9 Matching Annotations
  1. Jun 2021
    1. So sometimes when I do stupid stuff, I still have that mindset of a kid. It's weird. I don't know how to explain it. Just like I did a lot of stuff, because I felt like I got robbed of that time. So it's like, "You know what? If I go to a party and I get drunk and this and that and I get locked up—Oh well, I'm still young."

      Time in US - childhood - memories

    2. I was like, "Damn, why do I like Taco Bell?" But yeah, I remember I came in a Taco Bell and I had thorns from the cactus stuck in my feet and I remember they got infected.

      Time in the US - childhood - memories - crossing the border

    1. Luisa: Of course. I grew up fairly wealthy in Mexico. I had a big, big house. I had two German Shepherds that ran around everywhere. I had a playroom, my own room. I had a great childhood. I went to private school. It was amazing, so to go from that ... My dad and I were inseparable. I have extremely fond memories as a child, and I remember I didn't want to go to my own room. I would sleep on top of my father. That was my place. They had to buy a king-sized bed because I would not leave my father's side. I would lay and sleep on my dad's chest always. Always, always, always, always, always, so it was extremely difficult to leave my dad behind the most. My dad was my world back then. But my dad, my friends, school—school was great, I loved school [Chuckles]—I had to leave it all behind.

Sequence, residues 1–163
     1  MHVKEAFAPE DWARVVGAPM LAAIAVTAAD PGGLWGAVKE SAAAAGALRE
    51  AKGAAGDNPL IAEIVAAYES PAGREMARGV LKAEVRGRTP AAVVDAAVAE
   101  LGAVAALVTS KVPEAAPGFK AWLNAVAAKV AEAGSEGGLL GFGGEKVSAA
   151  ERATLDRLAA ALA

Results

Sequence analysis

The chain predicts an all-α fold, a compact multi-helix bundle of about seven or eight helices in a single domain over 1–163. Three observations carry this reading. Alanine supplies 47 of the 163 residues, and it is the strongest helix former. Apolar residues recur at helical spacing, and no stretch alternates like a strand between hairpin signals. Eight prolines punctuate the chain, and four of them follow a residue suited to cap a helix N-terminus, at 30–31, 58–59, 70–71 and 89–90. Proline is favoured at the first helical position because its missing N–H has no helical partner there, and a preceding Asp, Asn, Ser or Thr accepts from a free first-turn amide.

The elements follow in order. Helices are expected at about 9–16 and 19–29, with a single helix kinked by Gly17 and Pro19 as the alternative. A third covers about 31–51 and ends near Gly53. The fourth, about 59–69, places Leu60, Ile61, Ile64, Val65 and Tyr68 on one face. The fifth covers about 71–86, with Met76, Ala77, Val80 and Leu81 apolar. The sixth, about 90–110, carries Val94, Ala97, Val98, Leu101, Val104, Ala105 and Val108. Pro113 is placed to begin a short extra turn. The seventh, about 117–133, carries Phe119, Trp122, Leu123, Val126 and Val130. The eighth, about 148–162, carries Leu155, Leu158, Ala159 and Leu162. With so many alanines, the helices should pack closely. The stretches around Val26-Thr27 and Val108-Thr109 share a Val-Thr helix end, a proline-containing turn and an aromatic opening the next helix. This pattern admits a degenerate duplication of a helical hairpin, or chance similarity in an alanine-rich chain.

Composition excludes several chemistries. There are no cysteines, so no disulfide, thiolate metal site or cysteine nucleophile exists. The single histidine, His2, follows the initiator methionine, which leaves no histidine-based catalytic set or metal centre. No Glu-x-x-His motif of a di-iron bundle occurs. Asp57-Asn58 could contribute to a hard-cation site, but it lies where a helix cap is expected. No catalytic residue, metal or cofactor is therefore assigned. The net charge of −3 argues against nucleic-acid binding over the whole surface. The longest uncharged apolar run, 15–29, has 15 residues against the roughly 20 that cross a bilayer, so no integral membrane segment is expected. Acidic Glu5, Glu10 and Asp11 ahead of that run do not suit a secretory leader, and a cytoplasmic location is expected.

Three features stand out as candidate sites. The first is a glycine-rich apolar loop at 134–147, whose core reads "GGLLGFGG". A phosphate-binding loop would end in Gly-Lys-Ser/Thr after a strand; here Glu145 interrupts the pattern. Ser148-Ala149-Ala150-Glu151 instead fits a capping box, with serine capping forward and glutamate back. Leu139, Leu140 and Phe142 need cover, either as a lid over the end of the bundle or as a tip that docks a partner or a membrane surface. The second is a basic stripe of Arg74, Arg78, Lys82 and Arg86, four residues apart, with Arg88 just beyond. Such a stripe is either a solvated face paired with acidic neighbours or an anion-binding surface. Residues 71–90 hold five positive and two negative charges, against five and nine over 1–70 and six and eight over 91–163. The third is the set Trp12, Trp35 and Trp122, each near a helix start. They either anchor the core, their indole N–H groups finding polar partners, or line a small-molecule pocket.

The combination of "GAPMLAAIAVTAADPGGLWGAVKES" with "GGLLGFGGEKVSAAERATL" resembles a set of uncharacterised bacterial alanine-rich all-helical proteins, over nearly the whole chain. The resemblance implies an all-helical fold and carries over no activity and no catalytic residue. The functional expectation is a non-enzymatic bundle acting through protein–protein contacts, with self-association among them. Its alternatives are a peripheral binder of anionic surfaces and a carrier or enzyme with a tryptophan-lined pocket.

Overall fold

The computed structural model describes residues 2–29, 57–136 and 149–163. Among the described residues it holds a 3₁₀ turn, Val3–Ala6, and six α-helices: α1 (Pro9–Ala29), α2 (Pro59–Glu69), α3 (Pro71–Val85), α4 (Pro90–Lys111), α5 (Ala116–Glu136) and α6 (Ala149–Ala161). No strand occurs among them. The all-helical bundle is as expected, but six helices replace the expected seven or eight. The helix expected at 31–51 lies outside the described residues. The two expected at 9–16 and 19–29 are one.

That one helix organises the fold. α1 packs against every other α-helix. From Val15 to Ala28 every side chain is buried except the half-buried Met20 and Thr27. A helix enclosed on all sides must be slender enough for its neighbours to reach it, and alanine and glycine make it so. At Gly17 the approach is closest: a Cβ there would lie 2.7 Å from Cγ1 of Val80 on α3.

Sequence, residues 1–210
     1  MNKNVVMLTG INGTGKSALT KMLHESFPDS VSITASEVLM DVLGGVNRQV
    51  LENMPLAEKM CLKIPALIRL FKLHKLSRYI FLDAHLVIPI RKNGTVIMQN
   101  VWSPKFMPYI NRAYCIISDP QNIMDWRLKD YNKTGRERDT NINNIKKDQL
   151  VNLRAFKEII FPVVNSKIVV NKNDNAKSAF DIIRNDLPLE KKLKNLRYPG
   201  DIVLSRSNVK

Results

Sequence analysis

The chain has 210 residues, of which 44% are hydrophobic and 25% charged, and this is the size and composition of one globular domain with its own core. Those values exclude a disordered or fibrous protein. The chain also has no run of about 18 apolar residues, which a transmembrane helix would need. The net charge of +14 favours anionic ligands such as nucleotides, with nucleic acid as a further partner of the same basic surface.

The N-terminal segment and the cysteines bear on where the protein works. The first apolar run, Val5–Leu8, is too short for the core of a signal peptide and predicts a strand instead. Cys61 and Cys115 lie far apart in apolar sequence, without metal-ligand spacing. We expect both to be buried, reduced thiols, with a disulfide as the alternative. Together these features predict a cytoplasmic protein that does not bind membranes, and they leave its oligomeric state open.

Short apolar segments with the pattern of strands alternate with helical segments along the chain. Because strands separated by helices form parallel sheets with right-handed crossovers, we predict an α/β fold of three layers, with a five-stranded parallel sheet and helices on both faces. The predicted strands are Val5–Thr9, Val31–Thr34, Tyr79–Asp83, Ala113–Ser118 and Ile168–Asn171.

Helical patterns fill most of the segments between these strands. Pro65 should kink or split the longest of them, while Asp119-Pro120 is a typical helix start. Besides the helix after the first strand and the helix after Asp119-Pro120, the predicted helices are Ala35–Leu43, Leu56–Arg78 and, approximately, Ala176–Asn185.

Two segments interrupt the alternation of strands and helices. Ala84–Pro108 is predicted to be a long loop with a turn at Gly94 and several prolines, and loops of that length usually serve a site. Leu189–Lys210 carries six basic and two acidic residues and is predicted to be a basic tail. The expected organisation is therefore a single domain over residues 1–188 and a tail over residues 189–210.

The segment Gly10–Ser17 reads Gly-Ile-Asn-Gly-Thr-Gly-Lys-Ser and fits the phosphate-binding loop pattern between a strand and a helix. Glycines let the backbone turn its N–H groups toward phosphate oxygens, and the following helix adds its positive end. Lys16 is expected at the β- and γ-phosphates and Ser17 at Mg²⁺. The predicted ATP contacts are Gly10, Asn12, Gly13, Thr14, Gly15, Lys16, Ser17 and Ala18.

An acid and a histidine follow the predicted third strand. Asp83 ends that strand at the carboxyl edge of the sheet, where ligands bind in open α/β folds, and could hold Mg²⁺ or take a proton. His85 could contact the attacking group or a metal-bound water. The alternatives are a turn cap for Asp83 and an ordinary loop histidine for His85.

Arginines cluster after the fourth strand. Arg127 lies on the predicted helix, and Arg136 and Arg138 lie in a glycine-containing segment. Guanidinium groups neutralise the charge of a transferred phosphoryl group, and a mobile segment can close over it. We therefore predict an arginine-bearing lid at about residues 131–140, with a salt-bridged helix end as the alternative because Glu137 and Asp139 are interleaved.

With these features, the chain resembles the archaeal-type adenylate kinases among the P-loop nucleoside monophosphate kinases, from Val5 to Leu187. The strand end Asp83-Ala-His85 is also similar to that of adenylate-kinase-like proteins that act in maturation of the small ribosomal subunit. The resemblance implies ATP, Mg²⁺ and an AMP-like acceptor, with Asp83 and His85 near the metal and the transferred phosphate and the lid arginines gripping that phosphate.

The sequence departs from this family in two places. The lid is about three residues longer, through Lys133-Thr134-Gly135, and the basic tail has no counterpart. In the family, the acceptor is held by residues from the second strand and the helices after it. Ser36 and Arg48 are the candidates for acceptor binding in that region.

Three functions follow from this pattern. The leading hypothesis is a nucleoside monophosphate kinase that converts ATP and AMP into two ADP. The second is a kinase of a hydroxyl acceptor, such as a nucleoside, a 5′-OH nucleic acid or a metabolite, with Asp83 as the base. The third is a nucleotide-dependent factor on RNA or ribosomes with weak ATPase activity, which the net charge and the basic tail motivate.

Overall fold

Time in the US, Migration from Mexico, Feelings, Sadness

    2. Of course. I grew up fairly wealthy in Mexico. I had a big, big house. I had two German Shepherds that ran around everywhere. I had a playroom, my own room. I had a great childhood. I went to private school. It was amazing, so to go from that ... My dad and I were inseparable. I have extremely fond memories as a child, and I remember I didn't want to go to my own room. I would sleep on top of my father. That was my place. They had to buy a king-sized bed because I would not leave my father's side.

      Life in Mexico - childhood - memories

    3. My dad's family is on the wealthier side and a little bit on the powerful side, and my mom has no money nor connections, and she's poor. When they were divorcing, by the end of their marriage—I think it was the most awful marriage that I've seen—he was threatening her with taking us away and completely … you know she would never see us ever, so like a thief in the night, she grabbed my two sisters and I and she moved us to the States.

      Before the US, in Mexico - Childhood, memories - migration to the US - Domestic violence

  2. Nov 2020
    1. because we still remember the quality of service that the restaurant gave us.

      This is pretty much what Service Design, (Digital) Product Design and User Experience Design professionals are (or at least should be) concerned about.

    1. creating sensory rich memories

      I like this phrase and I want to implement it into my thinking. This is one of the greatest gifts that we can give ourselves or the greatest way that we can hamper ourselves: within the sensory rich memories that we create. Isaiah 26:3

  3. Feb 2019
    1. three days

      I read that the average number of days in a cold snap has declined from 6 to 2 over the past 100 years (National Climate Assessment).

  4. Dec 2017
    1. “Ask them to tell an Iktomi story, mother.” Soothing my impatience, my mother said aloud, “My little daughter is anxious to hear your legends.”

      I believe that one of the most fascinating things to me is the telling of stories before writing was ever a thing. Stories were told verbally only, this making the idea of the stories that much more exciting. The older empires and civilizations were kept alive by the stories that their elders would tell. They held the knowledge of their people in their minds and would tell extravagant stories to their children and grandchildren to keep the ideas alive.